Emergency Communications System Upgrade Information

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The independent study clearly outlined the need for an updated emergency communication system  


Public Safety is a primary responsibility of local government and as such, it is an obligation of local government to provide the public infrastructure necessary to accomplish this responsibility. A year ago the Boone County Fire Chiefs met with the fiscal court to educate on the dire state of the radio communication system. The primary need for capital investment in public safety is a holistic upgrade of the Emergency Communications System. Our current system operates using technology developed before World War II. It has been a workhorse for many years; however it has a number of challenges that preclude it from meeting the current needs of the community.

  •  First and foremost, it has limitations in coverage that prevent effective communications in several areas of the county   
     creating situations where first responders are not able to communicate with dispatch.  
  • The current system does not penetrate large buildings well which makes it difficult to have consistent communication in 
     warehouses, schools and industrial structures.
  • A second significant challenge in the current system is the inability for law enforcement and fire fighters to speak to each 
    other. Like many jurisdictions, Boone County utilizes two bands, UHF and VHF, which results in law enforcement  and the fire service only being able to communicate through a dispatcher which is not effective when responding to an emergency or significant event.
  • The system is also limiting in that it acts like an old “party line” where all users have to wait their turn to talk which can be crippling when there are multiple incidents occurring at the same time. These limitations are not ideal and can be very    
    challenging for first responders.
  • The 800 MHz P25 trunked radio system is not new technology and is  been utilized in several neighboring jurisdictions including Hamilton County, Warren County, Indiana (state-wide system), Ohio (state-wide system), Lexington and Louisville.
  • Boone, Campbell & Kenton counties have bid and will award a joint system to maximize coverage, the ability to operate across borders seamlessly and to recognize significant cost savings from one system design as opposed to three independent systems.



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The Regional Steering Committee has received bids for the new system which are being evaluated NOW


Although some in the community have claimed that the county is in the early stages of planning, has not identified a vendor or identified a timeline for implementation, this is not the case. An RFP was issued in October 2016 coordinated by the Northern Kentucky Area Development District on behalf of Boone, Campbell and Kenton counties.

  • Bid responses were received on February 2, 2017.
  • Three vendors submitted bids for the project
  • Bid Evaluations, vendor presentations and selection is currently underway and scheduled to be completed and ready for award in conjunction with the funding proposal.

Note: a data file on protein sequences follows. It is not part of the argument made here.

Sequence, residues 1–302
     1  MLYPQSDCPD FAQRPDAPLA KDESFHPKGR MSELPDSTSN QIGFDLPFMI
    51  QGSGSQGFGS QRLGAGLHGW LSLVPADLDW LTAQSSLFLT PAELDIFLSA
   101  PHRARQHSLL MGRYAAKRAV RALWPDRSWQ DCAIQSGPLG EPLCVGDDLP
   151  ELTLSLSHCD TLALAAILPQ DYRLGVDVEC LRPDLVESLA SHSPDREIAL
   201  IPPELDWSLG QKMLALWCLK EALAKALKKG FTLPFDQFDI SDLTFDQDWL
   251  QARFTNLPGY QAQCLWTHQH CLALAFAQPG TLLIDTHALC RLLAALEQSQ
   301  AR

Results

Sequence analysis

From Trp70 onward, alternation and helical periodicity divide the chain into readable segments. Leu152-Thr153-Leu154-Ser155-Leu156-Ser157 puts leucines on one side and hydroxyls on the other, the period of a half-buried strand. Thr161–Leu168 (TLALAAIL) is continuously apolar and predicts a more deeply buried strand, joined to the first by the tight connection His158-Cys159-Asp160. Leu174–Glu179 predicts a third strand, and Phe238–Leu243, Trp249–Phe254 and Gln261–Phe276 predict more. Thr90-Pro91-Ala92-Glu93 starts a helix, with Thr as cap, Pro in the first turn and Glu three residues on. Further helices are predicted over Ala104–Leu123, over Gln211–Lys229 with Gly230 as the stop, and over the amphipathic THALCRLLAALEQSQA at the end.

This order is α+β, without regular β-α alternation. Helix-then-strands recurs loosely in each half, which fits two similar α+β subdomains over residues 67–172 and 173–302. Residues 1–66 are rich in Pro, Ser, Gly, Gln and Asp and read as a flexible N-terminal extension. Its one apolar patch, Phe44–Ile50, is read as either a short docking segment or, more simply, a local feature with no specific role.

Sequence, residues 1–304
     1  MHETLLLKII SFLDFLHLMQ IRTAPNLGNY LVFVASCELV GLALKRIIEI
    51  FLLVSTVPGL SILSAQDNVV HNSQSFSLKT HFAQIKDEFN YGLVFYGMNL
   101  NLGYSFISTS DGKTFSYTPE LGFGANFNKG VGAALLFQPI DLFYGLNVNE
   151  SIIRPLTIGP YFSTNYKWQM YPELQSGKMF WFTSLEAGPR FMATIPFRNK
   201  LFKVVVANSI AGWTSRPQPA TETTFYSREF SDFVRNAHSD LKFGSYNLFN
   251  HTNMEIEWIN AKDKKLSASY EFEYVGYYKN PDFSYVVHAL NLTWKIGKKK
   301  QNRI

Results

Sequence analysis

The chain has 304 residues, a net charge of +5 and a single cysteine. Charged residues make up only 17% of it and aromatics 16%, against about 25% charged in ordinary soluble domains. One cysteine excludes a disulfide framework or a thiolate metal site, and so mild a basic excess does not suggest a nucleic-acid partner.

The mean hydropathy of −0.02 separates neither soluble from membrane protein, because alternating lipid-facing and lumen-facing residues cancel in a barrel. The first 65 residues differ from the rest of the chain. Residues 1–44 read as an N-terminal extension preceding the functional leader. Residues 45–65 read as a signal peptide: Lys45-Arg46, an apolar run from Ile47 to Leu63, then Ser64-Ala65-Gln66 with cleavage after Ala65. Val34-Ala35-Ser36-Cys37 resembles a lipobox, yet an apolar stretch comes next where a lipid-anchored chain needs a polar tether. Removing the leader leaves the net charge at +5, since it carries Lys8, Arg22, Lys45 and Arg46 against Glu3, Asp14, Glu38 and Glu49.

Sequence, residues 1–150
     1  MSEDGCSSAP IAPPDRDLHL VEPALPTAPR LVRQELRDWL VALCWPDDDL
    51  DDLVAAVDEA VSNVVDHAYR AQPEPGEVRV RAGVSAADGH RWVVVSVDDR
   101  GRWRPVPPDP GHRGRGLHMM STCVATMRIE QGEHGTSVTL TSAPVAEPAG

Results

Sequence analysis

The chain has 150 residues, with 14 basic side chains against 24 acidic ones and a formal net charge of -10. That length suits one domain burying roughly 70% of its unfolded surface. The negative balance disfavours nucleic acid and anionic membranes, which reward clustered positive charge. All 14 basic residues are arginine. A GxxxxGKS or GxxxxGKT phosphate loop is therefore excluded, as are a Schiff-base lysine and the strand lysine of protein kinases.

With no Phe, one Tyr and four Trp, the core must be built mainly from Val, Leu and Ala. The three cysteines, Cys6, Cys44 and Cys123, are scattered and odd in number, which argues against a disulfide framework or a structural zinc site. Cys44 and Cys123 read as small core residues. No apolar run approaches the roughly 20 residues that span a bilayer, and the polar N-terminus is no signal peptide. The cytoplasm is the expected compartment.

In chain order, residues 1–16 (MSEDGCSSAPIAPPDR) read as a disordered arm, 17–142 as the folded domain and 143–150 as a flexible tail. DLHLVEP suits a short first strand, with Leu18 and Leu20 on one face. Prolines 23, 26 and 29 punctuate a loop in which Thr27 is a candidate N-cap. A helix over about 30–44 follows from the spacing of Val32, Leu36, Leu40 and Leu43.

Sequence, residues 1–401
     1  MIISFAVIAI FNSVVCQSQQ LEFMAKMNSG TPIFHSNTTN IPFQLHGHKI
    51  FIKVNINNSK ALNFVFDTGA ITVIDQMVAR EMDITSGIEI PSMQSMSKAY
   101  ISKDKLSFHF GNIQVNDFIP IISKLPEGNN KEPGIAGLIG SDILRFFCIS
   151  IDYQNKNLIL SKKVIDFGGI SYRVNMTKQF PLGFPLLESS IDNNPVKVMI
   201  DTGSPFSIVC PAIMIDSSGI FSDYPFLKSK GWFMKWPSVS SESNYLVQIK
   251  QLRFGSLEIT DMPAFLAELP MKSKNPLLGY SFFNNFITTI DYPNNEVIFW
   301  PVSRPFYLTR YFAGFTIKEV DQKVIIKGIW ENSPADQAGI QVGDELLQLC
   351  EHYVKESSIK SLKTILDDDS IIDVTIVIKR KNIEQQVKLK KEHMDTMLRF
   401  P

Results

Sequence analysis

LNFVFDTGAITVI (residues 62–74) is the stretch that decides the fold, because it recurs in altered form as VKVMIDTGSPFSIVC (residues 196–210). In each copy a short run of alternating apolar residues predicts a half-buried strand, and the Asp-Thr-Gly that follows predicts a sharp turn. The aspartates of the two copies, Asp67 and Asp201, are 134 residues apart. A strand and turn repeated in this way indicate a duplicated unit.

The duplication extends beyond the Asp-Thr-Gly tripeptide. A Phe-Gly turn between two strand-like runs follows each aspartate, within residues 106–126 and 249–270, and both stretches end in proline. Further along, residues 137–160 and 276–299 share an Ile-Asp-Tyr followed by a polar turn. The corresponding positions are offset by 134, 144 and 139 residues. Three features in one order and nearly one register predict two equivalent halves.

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The County has evaluated the Cost Proposals for the new system which are in line with the consultant’s estimates;  the proposed 911 dwelling unit fee is sufficient to fund the system

A final and complete cost will be available for the Fiscal Court prior to adopting an ordinance to fund the system. The county has the proposed pricing for each of the vendor submissions. The final price cannot yet be determined definitely; however, until the bid is awarded, final design completed and all alternatives reviewed and identified. The complexities of the system require a great deal of analysis to ensure the taxpayers receive the best possible system for the best possible price. It is clear that the projected 911 dwelling unit fee is directly in line with the pricing proposed by the vendors. 

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Staff prepared a range of options for consideration by the Court which have been reviewed and modified based on input from the public
 

Counties are very limited in the options available to generate revenue for local government. There are four ways that local governments can generally fund needs for its citizens:  Ad valorem (property taxes); Payroll tax, Insurance Premium tax and direct fee for services. Each of these mechanisms was evaluated and a range of options presented for consideration. These presentations offer an overview of the alternatives considered:

                 Funding Options Presentation
                 Funding Options Presentation (with audio)
                 Alternate Funding Options Presentation


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The County has worked diligently to share the system needs and funding options with the community and has developed the final option based on this input.

From presentations at the fiscal court to meeting with business and civic groups to audio presentations to website and social media, elected officials and staff have spent three months sharing information and soliciting feedback which has been used to develop the most equitable and broad-based proposal.